Sure, the bassist who calls himself MonoNeon does a masterful accompaniment of the Jones Big Ass Truck Rental & Storage ads. But the real gem here is his manifesto at the end. I'll transcribe it below for clarity, because it's honestly very useful and freeing. (Maybe not the thing about the high-visibility clothing.) It doesn't matter if you're not a musician; make appropriate substitutions for things like "southern soul/blues/funk." The principles apply broadly.
• Write your own vision and read it daily
• Have the southern soul/blues & funk at the bottom and the experimental/avant-guard at the top . .. (YOUR SOUND!)
• Make your life audible daily with the mistakes . . . the flaws . . . er' thang.
• Understand and accept that some people are going to like what you do and some are going to dislike it . .. when you understand and accept that dichotomy . . . move on!
• Embrace bizarre juxtapositions (sound, imagery, etc)
• Conceptualize art. Minimalism.
• Polychromatic color schemes. High-visibility clothing.
• Reject the worldly idea of becoming a great musician . . . JUST LIVE MUSIC!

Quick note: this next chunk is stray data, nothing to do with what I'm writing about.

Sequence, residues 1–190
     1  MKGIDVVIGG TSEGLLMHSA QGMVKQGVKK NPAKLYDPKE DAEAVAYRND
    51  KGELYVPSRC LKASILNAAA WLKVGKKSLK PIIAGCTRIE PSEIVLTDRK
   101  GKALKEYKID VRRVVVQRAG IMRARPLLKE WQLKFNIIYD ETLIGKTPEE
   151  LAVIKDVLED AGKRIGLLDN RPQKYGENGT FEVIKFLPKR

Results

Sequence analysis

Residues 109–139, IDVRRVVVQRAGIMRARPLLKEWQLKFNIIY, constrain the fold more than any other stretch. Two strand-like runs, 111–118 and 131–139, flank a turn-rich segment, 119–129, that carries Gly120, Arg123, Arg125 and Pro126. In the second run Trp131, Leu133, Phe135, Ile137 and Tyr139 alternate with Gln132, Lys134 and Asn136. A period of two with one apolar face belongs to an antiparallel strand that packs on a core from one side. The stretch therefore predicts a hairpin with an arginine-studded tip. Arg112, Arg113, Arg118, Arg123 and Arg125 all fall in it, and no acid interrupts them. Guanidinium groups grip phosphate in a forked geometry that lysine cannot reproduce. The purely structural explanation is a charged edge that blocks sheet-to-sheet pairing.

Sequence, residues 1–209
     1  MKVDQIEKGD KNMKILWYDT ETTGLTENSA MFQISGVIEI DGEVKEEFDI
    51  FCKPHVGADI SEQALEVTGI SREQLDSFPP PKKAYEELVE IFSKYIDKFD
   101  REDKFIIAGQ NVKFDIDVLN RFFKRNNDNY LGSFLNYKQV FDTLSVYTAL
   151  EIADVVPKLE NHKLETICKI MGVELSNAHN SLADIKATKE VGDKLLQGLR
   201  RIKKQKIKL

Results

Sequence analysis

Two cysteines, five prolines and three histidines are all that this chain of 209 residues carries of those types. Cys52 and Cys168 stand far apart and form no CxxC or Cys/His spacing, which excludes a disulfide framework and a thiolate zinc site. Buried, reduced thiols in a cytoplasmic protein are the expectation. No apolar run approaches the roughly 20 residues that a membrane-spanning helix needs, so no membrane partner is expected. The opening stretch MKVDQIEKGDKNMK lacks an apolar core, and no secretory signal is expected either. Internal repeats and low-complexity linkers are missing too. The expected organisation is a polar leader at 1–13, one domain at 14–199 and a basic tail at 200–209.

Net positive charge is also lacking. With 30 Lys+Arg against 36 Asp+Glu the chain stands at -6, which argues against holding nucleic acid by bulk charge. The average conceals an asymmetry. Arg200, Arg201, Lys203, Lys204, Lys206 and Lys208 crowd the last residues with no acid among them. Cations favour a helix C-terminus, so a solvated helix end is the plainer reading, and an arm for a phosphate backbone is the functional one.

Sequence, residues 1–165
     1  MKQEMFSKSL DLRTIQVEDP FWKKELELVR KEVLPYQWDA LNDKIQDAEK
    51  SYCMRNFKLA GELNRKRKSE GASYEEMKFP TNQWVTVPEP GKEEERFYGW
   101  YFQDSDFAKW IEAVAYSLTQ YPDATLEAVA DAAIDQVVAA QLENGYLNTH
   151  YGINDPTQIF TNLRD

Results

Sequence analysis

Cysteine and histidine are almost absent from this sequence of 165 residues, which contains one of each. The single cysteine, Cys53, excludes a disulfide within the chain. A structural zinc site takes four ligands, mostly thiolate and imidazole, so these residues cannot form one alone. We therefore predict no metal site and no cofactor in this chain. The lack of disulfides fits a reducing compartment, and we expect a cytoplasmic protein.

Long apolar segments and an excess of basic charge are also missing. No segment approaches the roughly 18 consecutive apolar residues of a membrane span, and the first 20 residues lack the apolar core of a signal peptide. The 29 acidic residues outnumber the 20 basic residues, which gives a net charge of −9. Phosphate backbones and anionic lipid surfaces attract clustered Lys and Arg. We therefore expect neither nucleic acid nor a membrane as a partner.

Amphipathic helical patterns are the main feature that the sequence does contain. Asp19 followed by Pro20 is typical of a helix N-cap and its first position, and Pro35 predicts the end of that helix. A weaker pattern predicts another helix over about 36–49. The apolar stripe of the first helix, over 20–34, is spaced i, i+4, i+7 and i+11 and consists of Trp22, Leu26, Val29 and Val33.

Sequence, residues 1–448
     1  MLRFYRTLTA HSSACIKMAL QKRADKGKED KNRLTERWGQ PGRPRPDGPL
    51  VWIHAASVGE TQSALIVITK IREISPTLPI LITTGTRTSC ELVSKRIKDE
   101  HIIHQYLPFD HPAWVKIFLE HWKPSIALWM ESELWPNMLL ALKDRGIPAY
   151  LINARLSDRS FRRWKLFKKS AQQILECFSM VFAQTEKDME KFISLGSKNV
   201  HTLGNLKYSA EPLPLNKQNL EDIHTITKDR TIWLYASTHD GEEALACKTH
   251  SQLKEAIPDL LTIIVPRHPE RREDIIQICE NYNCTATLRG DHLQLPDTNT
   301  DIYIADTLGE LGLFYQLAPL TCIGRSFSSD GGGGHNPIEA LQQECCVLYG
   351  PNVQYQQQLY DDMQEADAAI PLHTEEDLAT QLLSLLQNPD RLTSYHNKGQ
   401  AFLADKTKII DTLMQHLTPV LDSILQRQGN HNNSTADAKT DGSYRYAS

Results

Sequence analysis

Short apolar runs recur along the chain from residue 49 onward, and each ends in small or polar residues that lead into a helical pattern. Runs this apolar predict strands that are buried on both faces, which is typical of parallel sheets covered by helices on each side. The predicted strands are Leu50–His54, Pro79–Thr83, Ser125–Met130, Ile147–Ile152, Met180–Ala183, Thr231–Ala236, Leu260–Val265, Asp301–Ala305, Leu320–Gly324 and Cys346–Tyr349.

Henry Rollins makes an appearance in the Big Think video series, explaining how he came to quit his job at the Haagen Dazs to sing for Black Flag. Jason Gots writes on Big Think:
That was 30 years ago. The years Rollins spent in Black Flag launched his career as a musician, writer, and performer. He seized the opportunity, ran with it, and numerous albums, books, films and tv shows later, he's still running. Rollins says of the Black Flag audition that he "won the lottery." Ok, the timing was lucky. But it was Rollins' energy as part of the DC punk scene (while working those day jobs) that earned him Black Flag's friendship, which got him the guest-spot, which got him the audition. And a less humble, hardworking guy might very well have burned out after a year on tour and ended up at rehab, then back at Haagen Dazs.
Instead, Rollins took calculated risk and decisive action at the right moment, then committed fully to making the most of the life he'd chosen for himself. And instead of resting on his laurels, he's continued to learn, grow, and reinvent himself. That's what makes him heroic. What Kahneman's studies don't tell us is which of those once-aspiring actors worked tirelessly to create, then seize opportunity, nor how many of those failed entrepreneurs picked themselves up and went on to succeed in other bold ventures.
Henry Rollins: The One Decision That Changed My Life Forever